Positive News For Tweed Valley Trails

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The trails, marked and unmarked, of the Tweed Valley in the Scottish Borders are renowned. From the trail centres of Glentress and Innerleithen to tracks such as ‘Flat White’, ‘Barts’s Trail’ and ‘Zoom or Bust’, there are hundreds now shown on apps such as TrailForks or Strava. Many of these trails have been hand crafted by a few talented locals, or in the case of Glentress and Innerleithen, maintained by the volunteer group The Trail Fairies and the Forestry Commission Scotland. With success comes a downside, and that is one of erosion and the trails getting hammered. With the word spreading of these incredible (but vulnerable) trails through social media and high profile races such as the EWS and Tweedlove, it is reckoned locally that the number of riders using the ‘off-piste’ trails is now exceeding that of the waymarked.

Natural Tweed Rideout descending down Gypsies Glen. Credit: Ian Linton
Natural Tweed Rideout descending down Gypsies Glen. Credit: Ian Linton

Late in 2015 a small group of local riders, from trail builders to local businesses, set about building a group that could legitimately work with local landowners so that the building and, importantly, the maintenance of the trails could be approached in a more professional and comprehensive manner. Constituting a group is a lengthy affair, especially when this is all being done by volunteers who have full time jobs, yet want to help provide for everyone. A major hurdle to the development and success of this group has just been achieved; the Tweed Valley Trails Association (TVTA) has been granted Scottish Charitable Incorporated Organisation status by the Office of the Scottish Charity Regulator.

Glentress 7 water crossing. Credit: Ian Linton
Glentress 7 water crossing. Credit: Ian Linton

What this means is that the TVTA can now forge ahead with setting up the board and driving forward its visions. Taken from the TVTA website, their goals are:

Mission Statement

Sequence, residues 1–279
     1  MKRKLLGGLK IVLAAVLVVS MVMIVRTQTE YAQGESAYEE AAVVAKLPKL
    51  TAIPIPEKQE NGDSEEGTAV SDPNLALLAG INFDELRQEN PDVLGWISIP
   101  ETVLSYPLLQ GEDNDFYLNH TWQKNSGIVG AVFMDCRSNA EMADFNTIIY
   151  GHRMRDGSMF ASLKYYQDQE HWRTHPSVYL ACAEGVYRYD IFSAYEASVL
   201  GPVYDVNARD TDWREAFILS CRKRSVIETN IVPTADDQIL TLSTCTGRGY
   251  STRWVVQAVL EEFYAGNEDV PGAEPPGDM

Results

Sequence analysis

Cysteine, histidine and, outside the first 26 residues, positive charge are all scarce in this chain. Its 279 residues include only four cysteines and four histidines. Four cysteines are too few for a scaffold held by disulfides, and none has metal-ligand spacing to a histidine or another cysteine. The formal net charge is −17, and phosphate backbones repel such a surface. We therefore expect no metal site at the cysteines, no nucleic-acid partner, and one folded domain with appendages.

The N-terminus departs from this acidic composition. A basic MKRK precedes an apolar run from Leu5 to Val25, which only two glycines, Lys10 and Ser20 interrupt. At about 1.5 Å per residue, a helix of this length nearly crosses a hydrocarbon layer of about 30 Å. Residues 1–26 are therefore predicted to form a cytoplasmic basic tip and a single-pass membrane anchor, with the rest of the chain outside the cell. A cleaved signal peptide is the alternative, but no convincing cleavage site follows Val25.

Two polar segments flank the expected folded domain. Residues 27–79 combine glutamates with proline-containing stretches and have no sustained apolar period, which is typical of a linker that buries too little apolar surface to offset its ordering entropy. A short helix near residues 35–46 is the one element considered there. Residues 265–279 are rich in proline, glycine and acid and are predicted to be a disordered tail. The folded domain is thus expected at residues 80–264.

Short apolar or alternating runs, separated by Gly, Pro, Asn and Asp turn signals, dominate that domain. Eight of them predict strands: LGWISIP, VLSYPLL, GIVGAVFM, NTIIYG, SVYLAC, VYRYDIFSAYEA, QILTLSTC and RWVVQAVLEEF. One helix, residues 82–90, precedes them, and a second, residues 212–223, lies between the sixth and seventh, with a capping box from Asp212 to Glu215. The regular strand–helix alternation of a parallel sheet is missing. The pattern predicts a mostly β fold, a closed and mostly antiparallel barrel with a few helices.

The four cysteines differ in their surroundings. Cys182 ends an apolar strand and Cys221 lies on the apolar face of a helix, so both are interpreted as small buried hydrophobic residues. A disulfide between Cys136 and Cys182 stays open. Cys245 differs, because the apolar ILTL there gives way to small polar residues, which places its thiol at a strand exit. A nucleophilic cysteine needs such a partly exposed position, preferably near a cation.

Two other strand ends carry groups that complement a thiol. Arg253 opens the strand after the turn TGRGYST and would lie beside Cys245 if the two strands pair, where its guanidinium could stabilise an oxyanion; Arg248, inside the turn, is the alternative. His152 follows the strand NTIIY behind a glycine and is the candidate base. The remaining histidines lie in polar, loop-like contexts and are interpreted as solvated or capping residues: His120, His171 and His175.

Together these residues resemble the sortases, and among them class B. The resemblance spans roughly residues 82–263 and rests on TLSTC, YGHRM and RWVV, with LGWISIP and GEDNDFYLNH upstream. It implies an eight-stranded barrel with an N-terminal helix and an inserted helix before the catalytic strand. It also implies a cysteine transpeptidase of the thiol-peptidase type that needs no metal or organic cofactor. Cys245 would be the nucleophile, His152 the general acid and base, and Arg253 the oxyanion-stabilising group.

The Tweed Valley Trail Association (TVTA) is a community group dedicated to the stewardship and development of the Tweed Valley mountain bike trail network.

Group Aims
1. Culture and Responsibility
To promote and manage the responsible growth and stewardship of the Tweed Valley’s trail network maintenance and development.

2. Community Representation
To provide an independent feedback and opinions platform with a clear voice for the Tweed Valley mountain bike trail user community to engage with Government bodies, Forestry Commission Scotland, land managers and other stakeholders.

3. Trail Stewardship
In recognising the mountain bike trails of the Tweed Valley as assets that contribute to a positive impact on the local community and economy, we aim to become a responsible group of trained volunteers, able to build, inspect, restore, preserve and maintain trails that align with relevant and accepted standards and practices and seek to develop new standards and practices where improvements are deemed beneficial to ensuring the mountain bike trail assets.

4. Fund Raising
To become an independent legal body able to independently fund raise and direct financial contributions towards the responsible growth and management of the trail network.

Tweedlove International Enduro - Ruaridh Cunningham. Credit: Ian Linton
Tweedlove International Enduro – Ruaridh Cunningham. Credit: Ian Linton

Although in its infancy, the TVTA could really provide a major step forward in ensuring the world-class trails of the Tweed Valley remain so and also continue to develop. This is not going to be without a lot of hard graft, financial help and the willingness of the local community to work with them however, if that happens this could be a real game changer for the trail network.

T-Mo at Tweedlove. Credit: Ian Linton
T-Mo at Tweedlove. Credit: Ian Linton

TVTA trustee and local guiding company GoWhere Scotland’s Aneela McKenna said: “It’s great news to be finally recognised as a charity so we can get on with the real work. We’re soon to appoint a board to help run and manage the TVTA – all dedicated local volunteers that are eager to give something back to the trails. The best trails in the valley are being ridden to death (literally!) and we want to find the best solution to making these more sustainable. This is where the TVTA has a crucial role in the longevity of these trails who will be keen to work with relevant stakeholders to develop and support the management of the Tweed Valley mountain bike trail network. It might take some time to reach our goal but we are optimistic and encouraged by the enthusiasm of the local community to get the TVTA off the ground”.

Glentress 7 dry dusty racing. Credit: Ian Linton
Glentress 7 dry dusty racing. Credit: Ian Linton

If you would like to help the TVTA team, keep an eye on their webpage as details will be pushed out there and on their Facebook page. Meanwhile, the 1st and 2nd April is the IMBA ‘Take Care of your Trails’ weekend so leave the bike in the garage and go and help sort out all those niggling complaints you might have about your local trails… More details can be found here.

Comments (2)

    It’s great news to hear that the TVTA is making progress.

    It’s also kind of cool to see a trail that I helped build get name-checked in an article here. 🙂

    In the meantime, as well as maintaining existing trails the Glentress Trailfairies are about to start breaking ground for a completely new trail (which is way more fun). More info on
    https://www.facebook.com/trailfairies/, always good to see new people.

    (I won’t be at the next one, I’ll be hungover. Don’t be like me)

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